Lastly, analytics will help you understand where your website traffic is coming from, and also which pages are the most visited. By knowing which pages are the most popular, you can then create similar types of pages to increase what people want to see (e.g., more blog posts on how to change your own tire, change your own oil, etc.). Or, you can add additional sections to a popular page (e.g., if they like your about page that only has text on it, think about also adding pictures or videos).

Conversely, you can also see which pages are not doing well. Figure out if they are pages you still want to keep but you may need to redesign. Help visitors understand why they should want to read them! Or, just delete them. That will be one less page to have to maintain!

Once this portion of the audit is complete, you will have a list of changes you can prioritize and then use as a checklist. 

Auditing How to Get More Customers Buying from You

Last but far from least, the audit will be looking at how to get more customers buying from your site once they’re on it.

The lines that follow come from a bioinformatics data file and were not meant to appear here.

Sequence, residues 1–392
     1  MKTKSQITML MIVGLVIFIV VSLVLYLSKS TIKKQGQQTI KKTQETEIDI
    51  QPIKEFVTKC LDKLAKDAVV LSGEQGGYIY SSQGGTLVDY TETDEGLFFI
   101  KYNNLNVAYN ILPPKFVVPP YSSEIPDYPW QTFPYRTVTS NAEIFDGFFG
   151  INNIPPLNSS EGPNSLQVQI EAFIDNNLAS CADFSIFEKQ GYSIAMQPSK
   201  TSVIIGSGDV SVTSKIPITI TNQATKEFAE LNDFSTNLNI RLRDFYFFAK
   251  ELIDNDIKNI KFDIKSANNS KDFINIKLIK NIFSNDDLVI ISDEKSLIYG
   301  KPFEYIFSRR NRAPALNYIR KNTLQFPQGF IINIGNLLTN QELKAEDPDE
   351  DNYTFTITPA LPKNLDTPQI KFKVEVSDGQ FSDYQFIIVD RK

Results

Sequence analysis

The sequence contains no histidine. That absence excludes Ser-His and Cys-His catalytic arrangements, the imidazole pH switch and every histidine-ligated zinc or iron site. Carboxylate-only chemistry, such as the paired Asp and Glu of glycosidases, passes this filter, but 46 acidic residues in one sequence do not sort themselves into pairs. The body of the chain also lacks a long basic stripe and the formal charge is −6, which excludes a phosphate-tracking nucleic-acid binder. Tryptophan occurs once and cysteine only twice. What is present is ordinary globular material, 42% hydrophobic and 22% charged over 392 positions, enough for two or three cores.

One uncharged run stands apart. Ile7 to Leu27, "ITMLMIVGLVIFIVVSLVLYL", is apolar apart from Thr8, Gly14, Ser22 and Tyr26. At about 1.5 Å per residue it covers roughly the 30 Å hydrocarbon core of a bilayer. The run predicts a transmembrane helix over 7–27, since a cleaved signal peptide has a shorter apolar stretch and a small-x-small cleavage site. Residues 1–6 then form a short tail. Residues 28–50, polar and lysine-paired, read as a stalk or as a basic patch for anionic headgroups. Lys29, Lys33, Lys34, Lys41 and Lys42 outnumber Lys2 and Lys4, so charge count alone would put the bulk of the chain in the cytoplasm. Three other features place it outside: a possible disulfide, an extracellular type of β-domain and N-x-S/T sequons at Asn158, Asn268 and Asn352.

Questions to ask yourself include:

  • Do I have enough calls to action for the multiple types of buyers who may be on my website–from comparison shoppers to long-time customers?
  • Am I missing calls to action on any of my pages?
  • Is there an underperforming product or service that needs more explanation, through pointed copy or video?

Once this portion of the audit is complete, you can spend time really making your products or services clear and necessary to your website visitors.

Time for Your Homework!

After you are done researching what needs to be done, it’s time to create a checklist for that quarterly audit (I know, I know, it seems like overkill, but if you maintain your website, it is more likely to perform at its best).

The website audit checklist will include the following:

  • What are two competitors currently doing on their websites, and are you keeping up?
  • Are there any broken links or confusing buttons?
  • Is everything on your site–from visuals to tone–still fitting your brand?
  • Is each new page you’ve added in the last quarter SEO-optimized?

Do your analytics show you anything new about your most popular pages? This is just a starter list, but you can add to it based on your needs. If this feels like too much, know that our team at digit-ALL marketing services can help you out!

digit-ALL is a full-service marketing company that focuses on the people side of marketing. We focus on company branding, websites, social media, blogs, newsletters, and even corporate event planning. We’re here to help when you’re ready for it.